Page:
PRESENTATION

OF
INPUT OUTPUT DEVICES

SUBMITTED TO ; BY LECT. SHIVANI BHALLA

SUBMITTED PRIYANKA ROLL NO:

248

Keyboard
The commonest way to enter data into a computer.

Each key is simply a switch, which when pressed, results in a digital code being sent to the computer.

Mouse
The movement of the mouse over a flat surface is mirrored by a pointer on the monitor screen.
Under the mouse is a ball which rolls and turns two shafts, one for each direction - left/right & up/down. Buttons on the mouse enable selections to be made from menus, movement of objects around the screen, and painting or drawing.

Touch sensitive screen
This device acts like a mouse that the user can move by touching the screen. It is used by people who find using a mouse difficult, too time consuming or if it might get stolen / damaged.

Bar code reader
The bar coded item is swiped over a laser scanner is swiped over the bar code to read in the data. It is the same as a scanner but due to the simple nature of the bar code the scanning is very rapid.

Scanner
Like a photocopier it scans a full page with laser light but instead of printing copies, it transmits the image to the computer as digital code, which can be saved as a file. In effect, it performs the exact opposite function to a printer by converting a printed page into a computer file.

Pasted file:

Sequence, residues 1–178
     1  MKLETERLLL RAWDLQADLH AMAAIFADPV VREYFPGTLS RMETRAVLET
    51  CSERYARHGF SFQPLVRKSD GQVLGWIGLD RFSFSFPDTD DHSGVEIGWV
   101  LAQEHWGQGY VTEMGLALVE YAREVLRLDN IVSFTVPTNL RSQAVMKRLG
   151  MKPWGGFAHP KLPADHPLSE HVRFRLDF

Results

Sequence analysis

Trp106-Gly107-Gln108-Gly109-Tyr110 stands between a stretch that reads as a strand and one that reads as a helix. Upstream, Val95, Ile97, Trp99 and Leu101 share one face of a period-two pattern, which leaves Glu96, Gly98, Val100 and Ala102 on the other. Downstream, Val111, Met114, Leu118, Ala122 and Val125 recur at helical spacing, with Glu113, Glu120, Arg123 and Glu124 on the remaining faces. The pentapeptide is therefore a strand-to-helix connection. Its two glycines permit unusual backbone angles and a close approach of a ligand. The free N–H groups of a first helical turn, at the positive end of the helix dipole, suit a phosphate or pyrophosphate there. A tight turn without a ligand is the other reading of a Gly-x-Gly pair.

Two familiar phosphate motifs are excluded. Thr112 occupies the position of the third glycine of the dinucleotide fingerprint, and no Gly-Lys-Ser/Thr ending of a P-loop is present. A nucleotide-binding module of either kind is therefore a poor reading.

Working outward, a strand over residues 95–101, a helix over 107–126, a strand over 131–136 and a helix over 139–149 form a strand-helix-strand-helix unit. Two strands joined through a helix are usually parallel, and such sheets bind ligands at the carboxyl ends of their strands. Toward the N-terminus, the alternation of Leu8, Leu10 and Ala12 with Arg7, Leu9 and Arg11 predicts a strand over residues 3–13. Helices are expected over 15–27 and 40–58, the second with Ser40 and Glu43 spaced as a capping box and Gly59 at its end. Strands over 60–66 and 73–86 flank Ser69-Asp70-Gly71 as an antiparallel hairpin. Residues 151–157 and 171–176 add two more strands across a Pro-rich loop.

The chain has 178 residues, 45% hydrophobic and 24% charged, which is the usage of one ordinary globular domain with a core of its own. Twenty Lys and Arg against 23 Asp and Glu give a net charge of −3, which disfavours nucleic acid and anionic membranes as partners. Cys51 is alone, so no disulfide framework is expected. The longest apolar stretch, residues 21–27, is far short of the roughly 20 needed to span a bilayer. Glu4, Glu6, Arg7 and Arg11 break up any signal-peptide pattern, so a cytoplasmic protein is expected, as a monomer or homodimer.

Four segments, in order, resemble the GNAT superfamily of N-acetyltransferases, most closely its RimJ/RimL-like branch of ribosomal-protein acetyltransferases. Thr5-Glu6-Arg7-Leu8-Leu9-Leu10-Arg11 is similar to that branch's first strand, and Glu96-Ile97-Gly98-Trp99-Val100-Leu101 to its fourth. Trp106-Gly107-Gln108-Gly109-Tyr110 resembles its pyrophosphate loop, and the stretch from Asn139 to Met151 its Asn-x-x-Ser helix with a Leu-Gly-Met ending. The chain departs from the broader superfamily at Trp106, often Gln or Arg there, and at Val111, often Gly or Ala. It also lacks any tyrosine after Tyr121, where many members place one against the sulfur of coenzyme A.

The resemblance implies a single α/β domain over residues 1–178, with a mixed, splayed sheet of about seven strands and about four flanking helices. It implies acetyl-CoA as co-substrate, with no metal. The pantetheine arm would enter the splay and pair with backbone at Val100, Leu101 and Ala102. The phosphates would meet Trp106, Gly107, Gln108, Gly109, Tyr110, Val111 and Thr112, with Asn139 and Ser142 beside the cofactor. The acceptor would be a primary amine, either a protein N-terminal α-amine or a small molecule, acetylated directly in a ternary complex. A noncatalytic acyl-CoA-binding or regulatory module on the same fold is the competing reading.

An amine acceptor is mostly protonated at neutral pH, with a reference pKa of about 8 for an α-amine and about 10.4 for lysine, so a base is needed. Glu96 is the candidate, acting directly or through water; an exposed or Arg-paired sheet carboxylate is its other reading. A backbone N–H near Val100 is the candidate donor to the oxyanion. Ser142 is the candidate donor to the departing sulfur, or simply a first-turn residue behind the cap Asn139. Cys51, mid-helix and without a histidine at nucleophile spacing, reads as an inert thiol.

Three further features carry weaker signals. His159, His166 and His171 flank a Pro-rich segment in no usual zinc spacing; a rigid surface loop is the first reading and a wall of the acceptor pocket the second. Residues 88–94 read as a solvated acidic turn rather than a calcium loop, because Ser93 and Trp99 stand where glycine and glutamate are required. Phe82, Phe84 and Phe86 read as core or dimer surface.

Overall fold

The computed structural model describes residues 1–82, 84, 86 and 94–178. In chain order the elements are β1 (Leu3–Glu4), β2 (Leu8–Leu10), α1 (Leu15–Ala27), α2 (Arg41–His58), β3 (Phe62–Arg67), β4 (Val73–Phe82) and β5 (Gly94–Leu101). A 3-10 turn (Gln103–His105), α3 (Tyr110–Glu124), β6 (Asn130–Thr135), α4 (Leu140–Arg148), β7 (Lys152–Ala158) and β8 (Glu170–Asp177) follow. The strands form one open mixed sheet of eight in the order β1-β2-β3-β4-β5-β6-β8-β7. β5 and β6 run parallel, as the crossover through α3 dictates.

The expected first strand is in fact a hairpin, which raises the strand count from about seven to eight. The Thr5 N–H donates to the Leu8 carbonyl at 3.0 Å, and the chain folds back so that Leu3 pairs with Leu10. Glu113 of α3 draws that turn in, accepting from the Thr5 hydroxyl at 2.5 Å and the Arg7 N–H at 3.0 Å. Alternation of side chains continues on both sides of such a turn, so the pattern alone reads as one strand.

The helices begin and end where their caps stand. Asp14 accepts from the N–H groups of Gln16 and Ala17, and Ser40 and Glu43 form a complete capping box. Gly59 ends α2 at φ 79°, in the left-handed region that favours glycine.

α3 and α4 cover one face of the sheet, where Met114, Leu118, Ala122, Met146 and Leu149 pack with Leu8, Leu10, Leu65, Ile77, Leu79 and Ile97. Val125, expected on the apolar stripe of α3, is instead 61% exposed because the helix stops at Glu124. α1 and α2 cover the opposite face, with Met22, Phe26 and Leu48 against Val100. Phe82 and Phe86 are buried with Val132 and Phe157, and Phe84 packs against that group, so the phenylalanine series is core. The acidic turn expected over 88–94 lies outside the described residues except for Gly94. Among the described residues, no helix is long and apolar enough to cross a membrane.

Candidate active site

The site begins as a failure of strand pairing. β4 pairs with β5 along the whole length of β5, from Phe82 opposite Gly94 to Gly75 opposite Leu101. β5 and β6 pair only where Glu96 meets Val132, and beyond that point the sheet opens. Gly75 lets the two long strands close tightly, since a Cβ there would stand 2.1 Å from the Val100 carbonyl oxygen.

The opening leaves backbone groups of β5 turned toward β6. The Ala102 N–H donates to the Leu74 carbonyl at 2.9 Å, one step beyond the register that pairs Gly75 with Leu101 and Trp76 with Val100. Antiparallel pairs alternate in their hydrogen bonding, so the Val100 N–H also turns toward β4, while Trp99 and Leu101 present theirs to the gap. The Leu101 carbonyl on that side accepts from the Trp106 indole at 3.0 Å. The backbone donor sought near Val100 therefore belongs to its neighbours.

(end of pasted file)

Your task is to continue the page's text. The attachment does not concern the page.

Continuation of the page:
Speech synthesizer
Output device used to help people who can’t see visual outputs from the computer. It produces a humanlike voice.

Digital camera
Light received through the lens is converted to digital signals by sensors, rather than stored by chemical change on a film as in a normal camera. The resulting "photograph" can then be stored on a computer and used just like any clipart files.

Printers
output text and image to paper. Dot matrix is old fashioned noisy, like a typewriter. Inkjet uses liquid ink that is squirted at the paper. Laser printers work like photocopiers which use powdered ink which sticks to the paper and then heated to make it stick. The process is fast and quiet

Other devices
Magnetic strip reader - used on credit card type devices. The information is stored on the tape on the back of a card. The machine can read and write to it. Optical mark reader - similar to a bar code reader but uses infra-red light to scan pencil marks on prepared forms such as multiple-choice examination answer sheets or lottery tickets. Optical character reader - uses an ordinary scanner to take a photographic image of printed or even hand-written text. Special software then looks at the image, recognises each character and converts it into a text file

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